Could the Recession Revive the Savings Gene in China and India?
WHY YOU SHOULD CARE
If the world’s second- and fifth-largest economies cut down on spending, it could make the recovery of the global economy even harder.
By Pallabi Munsi
- A sharp increase in consumption — and a dip in savings — in China and India helped the world economy recover after 2008.
- That pattern could reverse, with consequences for everyone.
For 25-year-old Akshay Shah, a Mumbai-based legal manager at a multinational bank, the coronavirus pandemic and the resulting economic crisis have meant adjusting his personal finances. He wants to increase his investments, cut down his spending on meals and drinks, and save more.
Chirag Thakkar, a commissioning editor at a New Delhi–headquartered publisher, is similarly anxious. He doesn’t spend money on clothing, and when movie theaters reopen, he plans to avoid buying overpriced nachos and popcorn “for at least a year.” Instead, he is moving his investments from mutual funds to more liquid forms of money that he can access when necessary.
Shah and Thakkar are not alone.
Saving has been part of the DNA of two of the world’s oldest and largest societies — China and India — for centuries, in good measure because of the frequent crises such as famines, wars and social upheaval that they have endured. That frugality began to change in 2008, when both countries experienced a dramatic surge in consumer spending, making them among the most sought-after markets in the world.
That this shift coincided with the Great Recession helped resurrect the global economy. China’s gross savings rate, as a fraction of its gross domestic product, dropped from a peak of 52 percent in 2008 to 46 percent in 2018, while India’s fell from 37 percent in 2007 to 30 percent in 2018.
There will be a propensity to save right now.
Ananth Narayan, S.P. Jain Institute of Management and Research
Now, as the world enters another recession — one that International Monetary Fund expects will be far steeper than the 2008 crisis — China, India and the rest of the world are looking at a very different landscape. In 2008, China and India did not slip into a recession — their economic growth merely slowed. The United States, whose economy did contract, saw its savings rate go up, from 14 percent in 2009 to 20 percent in 2015, as a badly hit population tried to save more. This time, China and India are expected to see dramatic contractions in their economies, placing a young consumerist generation in the circumstances their ancestors once faced and setting the stage for a potential revival of the savings culture.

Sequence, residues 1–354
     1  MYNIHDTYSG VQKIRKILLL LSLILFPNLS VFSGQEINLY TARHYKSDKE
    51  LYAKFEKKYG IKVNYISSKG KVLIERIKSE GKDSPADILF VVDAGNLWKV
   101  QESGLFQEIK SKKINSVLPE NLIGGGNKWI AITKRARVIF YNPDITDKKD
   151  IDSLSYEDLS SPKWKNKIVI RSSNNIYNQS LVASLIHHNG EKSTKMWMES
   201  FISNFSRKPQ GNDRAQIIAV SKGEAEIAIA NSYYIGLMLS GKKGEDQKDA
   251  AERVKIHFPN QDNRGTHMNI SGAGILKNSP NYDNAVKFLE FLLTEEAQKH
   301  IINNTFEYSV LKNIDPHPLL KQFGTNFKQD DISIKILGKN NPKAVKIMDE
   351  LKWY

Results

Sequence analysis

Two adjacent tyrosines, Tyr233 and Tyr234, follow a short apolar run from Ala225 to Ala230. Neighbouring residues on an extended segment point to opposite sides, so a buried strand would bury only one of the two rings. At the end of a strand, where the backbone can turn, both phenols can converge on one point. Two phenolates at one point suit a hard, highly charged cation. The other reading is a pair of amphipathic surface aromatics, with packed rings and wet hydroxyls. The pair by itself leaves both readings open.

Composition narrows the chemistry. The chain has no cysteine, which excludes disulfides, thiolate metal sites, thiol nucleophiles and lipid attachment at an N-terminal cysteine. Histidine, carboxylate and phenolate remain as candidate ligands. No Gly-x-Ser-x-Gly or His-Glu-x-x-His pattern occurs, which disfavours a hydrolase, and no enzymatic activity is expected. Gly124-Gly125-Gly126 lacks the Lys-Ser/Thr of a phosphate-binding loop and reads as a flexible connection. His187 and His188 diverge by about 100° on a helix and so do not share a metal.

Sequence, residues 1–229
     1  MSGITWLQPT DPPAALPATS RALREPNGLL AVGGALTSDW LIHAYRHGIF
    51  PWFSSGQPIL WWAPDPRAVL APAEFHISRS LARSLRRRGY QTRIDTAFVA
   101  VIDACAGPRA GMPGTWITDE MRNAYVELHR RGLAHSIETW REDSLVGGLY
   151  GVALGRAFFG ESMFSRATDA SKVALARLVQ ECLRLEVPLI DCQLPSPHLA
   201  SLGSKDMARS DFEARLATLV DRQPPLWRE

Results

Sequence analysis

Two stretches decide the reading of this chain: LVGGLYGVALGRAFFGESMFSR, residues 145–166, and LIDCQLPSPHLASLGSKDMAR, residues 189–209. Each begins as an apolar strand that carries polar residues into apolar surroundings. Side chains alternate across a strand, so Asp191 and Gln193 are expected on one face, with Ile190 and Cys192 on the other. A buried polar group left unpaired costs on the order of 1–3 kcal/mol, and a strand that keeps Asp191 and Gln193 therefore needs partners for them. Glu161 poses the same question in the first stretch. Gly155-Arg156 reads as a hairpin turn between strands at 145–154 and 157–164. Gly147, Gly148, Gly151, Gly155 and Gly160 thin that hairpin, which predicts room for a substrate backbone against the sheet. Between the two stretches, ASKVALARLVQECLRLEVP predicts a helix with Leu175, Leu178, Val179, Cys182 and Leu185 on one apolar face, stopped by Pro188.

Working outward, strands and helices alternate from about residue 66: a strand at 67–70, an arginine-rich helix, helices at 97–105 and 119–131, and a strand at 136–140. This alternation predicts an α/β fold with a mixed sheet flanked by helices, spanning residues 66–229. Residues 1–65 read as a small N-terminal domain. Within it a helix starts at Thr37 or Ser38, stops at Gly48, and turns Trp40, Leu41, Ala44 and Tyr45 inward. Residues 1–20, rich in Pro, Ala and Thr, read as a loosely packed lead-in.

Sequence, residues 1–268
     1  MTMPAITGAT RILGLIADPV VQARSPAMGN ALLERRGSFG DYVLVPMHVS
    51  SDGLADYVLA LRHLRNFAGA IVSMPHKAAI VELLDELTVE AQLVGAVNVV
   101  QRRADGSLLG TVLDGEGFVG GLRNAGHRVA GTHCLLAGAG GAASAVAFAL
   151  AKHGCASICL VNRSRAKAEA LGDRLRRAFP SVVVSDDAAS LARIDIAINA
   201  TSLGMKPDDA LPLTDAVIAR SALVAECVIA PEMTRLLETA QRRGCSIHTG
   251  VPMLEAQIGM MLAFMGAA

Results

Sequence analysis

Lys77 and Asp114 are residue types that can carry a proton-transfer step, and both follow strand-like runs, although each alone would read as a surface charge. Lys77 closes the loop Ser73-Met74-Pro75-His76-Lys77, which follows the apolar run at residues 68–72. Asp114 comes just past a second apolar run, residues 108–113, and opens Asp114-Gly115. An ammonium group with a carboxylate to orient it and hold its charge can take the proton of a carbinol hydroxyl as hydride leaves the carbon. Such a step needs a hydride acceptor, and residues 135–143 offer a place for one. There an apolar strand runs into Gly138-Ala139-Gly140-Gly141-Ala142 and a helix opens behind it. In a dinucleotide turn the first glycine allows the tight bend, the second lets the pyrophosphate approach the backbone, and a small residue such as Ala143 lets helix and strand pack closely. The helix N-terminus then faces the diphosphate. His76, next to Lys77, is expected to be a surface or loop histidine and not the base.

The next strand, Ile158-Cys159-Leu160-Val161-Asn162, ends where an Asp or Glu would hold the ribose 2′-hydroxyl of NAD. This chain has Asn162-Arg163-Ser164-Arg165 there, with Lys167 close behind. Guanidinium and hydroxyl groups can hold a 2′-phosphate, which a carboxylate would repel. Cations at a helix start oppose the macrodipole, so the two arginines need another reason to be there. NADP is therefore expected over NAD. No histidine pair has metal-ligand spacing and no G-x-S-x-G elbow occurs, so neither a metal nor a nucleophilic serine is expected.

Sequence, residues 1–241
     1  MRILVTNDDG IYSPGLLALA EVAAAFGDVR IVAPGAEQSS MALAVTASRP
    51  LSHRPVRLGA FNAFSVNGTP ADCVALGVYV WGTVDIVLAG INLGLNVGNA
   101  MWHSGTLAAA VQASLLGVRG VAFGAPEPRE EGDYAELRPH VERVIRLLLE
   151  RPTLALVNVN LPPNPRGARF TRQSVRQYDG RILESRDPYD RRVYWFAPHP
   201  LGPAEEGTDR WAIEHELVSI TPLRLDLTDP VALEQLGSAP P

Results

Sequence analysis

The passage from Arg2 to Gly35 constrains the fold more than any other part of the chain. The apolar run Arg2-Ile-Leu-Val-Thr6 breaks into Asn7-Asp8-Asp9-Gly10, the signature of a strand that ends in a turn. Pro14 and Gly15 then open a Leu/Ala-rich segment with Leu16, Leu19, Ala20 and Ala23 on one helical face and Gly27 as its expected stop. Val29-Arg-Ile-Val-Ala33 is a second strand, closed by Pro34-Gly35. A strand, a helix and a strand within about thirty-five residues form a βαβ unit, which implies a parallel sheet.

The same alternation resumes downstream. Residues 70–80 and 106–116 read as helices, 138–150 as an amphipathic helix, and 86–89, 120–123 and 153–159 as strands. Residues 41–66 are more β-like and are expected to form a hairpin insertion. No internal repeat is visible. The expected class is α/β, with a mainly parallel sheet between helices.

“There will be a propensity to save right now,” says Ananth Narayan, an associate professor of finance at Mumbai-based S.P. Jain Institute of Management and Research.
For China’s white-collar workers, “cherry freedom” — the ability to buy imported fruits such as cherries without a second thought — has become a buzzword over the past couple of years. That’s now a distant dream, with the Economist Intelligence Unit predicting urban joblessness may rise to 10 percent this year, compared to 3.6 percent in 2019.
But the tendency to save, Narayan says, could trigger a “vicious cycle.”
“Everybody is saving and therefore nobody’s consuming, and therefore [there are] no jobs, and therefore fewer earnings, and therefore less income, and therefore even more saving and so on,” he explains.
The only way out, Narayan says, is a fiscal push — by creating jobs and maintaining production. He cautions against cash payouts and modern equivalents of the Keynesian idea of asking people to “dig up holes and fill them up again.” That, he worries, could lead to the repeat of a scenario India faced between 2009 and 2013, when there was “too much money chasing too few goods.”
Devendra Pant, chief economist at market analytics firm India Ratings and Research, believes India won’t necessarily see a broad rise in savings. While those with higher incomes can afford to save more, “we can’t say the same about people who are at the bottom of the pyramid, which is a major chunk,” he says. Their low income levels mean they won’t have the ability to save much and will spend what they earn. “And that will revive demand,” he says.
Yet it’s the higher-earning segments of the Chinese and Indian markets that are particularly valuable to multinationals. And if the the world’s second- and fifth-largest economies save more, it could affect the global economy.
Narayan believes that China’s domestic consumption could pick up sooner than India’s, and that consumption could support global growth. Pant, meanwhile, is counting on travel restrictions opening up for both countries. “A large boost will come only when aspirational youngsters from these countries start outbound travel across the world,” he says.
But will young Chinese and Indians who are saving money by eschewing movie theater popcorn buy plane tickets to crisscross the world anytime soon? Or will the savings gene that generations have passed on kick in again? On that could hinge the speed of recovery of the global economy.
- Pallabi Munsi, OZY AuthorContact Pallabi Munsi